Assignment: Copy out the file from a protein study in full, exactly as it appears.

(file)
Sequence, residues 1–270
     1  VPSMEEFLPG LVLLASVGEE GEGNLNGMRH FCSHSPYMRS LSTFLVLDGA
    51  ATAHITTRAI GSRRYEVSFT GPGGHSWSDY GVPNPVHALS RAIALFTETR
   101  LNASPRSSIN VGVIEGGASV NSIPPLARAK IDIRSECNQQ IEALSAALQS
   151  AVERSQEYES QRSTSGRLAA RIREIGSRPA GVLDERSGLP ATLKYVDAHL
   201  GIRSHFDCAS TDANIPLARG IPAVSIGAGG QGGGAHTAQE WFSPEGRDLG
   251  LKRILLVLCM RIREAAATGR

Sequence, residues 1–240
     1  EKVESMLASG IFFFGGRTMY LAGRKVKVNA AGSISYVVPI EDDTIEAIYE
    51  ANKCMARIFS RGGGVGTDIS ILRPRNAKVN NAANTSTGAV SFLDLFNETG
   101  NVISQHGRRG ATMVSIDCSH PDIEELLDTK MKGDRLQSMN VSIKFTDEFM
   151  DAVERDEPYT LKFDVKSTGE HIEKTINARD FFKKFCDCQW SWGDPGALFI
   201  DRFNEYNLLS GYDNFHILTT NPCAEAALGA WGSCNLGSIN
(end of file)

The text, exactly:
Sequence, residues 1–270
     1  VPSMEEFLPG LVLLASVGEE GEGNLNGMRH FCSHSPYMRS LSTFLVLDGA
    51  ATAHITTRAI GSRRYEVSFT GPGGHSWSDY GVPNPVHALS RAIALFTETR
   101  LNASPRSSIN VGVIEGGASV NSIPPLARAK IDIRSECNQQ IEALSAALQS
   151  AVERSQEYES QRSTSGRLAA RIREIGSRPA GVLDERSGLP ATLKYVDAHL
   201  GIRSHFDCAS TDANIPLARG IPAVSIGAGG QGGGAHTAQE WFSPEGRDLG
   251  LKRILLVLCM RIREAAATGR

Sequence, residues 1–240
     1  EKVESMLASG IFFFGGRTMY LAGRKVKVNA AGSISYVVPI EDDTIEAIYE
    51  ANKCMARIFS RGGGVGTDIS ILRPRNAKVN NAANTSTGAV SFLDLFNETG
   101  NVISQHGRRG ATMVSIDCSH PDIEELLDTK MKGDRLQSMN VSIKFTDEFM
   151  DAVERDEPYT LKFDVKSTGE HIEKTINARD FFKKFCDCQW SWGDPGALFI
   201  DRFNEYNLLS GYDNFHILTT NPCAEAALGA WGSCNLGSIN